• This is only ever going to happen on the back of the "1,800 residential and commercial properties east of Long Stratton" that someone hopes to build. In other words, it comes with major strings attached for the people of Long Stratton. To get their bypass, they have to accept that their village is going to be transformed by a series of developments that will be very lucrative for landowners, developers and the Council. What do local people feel about this? Is there a credible plan for dealing with the NEW strains that will be placed on their village?

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    gilded beams

    Monday, February 25, 2013

  • We have heard it all before, so please shut up until there's something more significant happening.

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    John L Norton

    Monday, February 25, 2013

  • The Northern Distributor which is not needed gets support and very quickly. Long Stratton Bypass which is needed gets put on the small hob time and time again. Surely it has been on the go long enough now to be a given that it will be built soon.

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    George Ezekial

    Monday, February 25, 2013

  • I guess we have the elections soon!

    Report this comment

    Marigold

    Monday, February 25, 2013

  • Cllr. Thomas, after her inadequacy, her failure to monitor and change the situation at children services now needs a positive news message, sadly her coalition MP, Richard Bacon does not do Lib Dem's, or coalition politics, locally. He's busy justifying going to war in Mali.

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    ingo wagenknecht

    Monday, February 25, 2013

  • I thought a dual carriageway bypass was proposed. Apparently not. Building any road is a long way off. The funding for the bypass will be a levy on the 1800 houses linked to the proposal. With up to two cars per household that will mean a lot more traffic on the road. It will make it even slower to get from Norwich to Long Stratton.

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    Capri

    Monday, February 25, 2013

  • Methinks I see a flying pig!

    Report this comment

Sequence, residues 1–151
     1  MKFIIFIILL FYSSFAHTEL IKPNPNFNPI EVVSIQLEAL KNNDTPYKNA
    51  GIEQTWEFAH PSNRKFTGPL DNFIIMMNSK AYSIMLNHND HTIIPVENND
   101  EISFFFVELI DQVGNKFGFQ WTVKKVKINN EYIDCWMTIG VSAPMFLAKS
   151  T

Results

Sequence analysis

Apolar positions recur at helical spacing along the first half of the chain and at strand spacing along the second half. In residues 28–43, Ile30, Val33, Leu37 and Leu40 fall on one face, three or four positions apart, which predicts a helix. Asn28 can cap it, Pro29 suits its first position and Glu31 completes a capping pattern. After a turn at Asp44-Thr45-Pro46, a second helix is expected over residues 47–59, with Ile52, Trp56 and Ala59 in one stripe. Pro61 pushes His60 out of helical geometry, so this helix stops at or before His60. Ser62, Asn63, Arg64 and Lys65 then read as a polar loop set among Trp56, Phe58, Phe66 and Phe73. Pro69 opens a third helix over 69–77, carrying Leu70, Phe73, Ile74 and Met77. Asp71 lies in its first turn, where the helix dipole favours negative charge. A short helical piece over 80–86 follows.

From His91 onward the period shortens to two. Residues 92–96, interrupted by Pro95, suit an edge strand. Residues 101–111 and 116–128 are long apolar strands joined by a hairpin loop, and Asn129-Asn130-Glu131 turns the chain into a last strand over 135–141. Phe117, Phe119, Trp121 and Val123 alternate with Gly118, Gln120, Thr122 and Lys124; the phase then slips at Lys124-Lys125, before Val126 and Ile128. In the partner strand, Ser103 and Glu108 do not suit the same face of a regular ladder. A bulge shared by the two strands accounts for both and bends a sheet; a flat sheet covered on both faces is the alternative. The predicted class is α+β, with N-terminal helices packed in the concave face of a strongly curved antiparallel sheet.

julygirl

    Tuesday, February 26, 2013

  • The anti-recycling lobby has no argument to warrant building an incinerator. While dioxins will be allowed to discharge 24 hours a day does not give inspire confidence. Supporters of the incinerator have not given a reasonable answer to why it should be built except cost. When all incinerators will have to be monitored 24 hours a day for air quality will elevate the cost to the tax payer. They will have to close down or invent an incinerator system that does not harm our elderly, infirm and babies. Our councillors are guilty for allowing planning permission. Without 100% proof breathing dioxins is good for your health they should have not picked Saddlebow, close proximity to Kings Lynn densely populated area. Down to wrong location arrogance and inexperience.

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    Emma Miller

    Monday, February 25, 2013

  • This has been going on for decades and I was told by a County Councillor that it will never ever ever be built. But I suppose Ms Thomas needs something to detract from her part in the terrible Ofsted report on children's services. Mind you if this Pegasus bunch are planing on building thousands of nasty little boxes (oh sorry, modern homes) they might be willing to tack a bypass on the end. Mind you that will mean that there will be about three thousand extra cars milling around the Long Stratton area so a bypass will just swallow them up and they will be back to square one. I agree with John Norton - shut up about it until something actually happens. The public aren't as naive as they were ten years ago Ms Thomas a fact which seems to have escaped you and your Tory chums at County Hall.

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    Electra

    Monday, February 25, 2013

  • Bad show. Where's the soundbite from the local MP creating a spurious connection for themselves to this potential good news announcement? AT should be pleased if it means her staff can more rapidly access any vulnerable children south of this bottle-neck.

    Report this comment

    Mr Cameron Isaliar

    Monday, February 25, 2013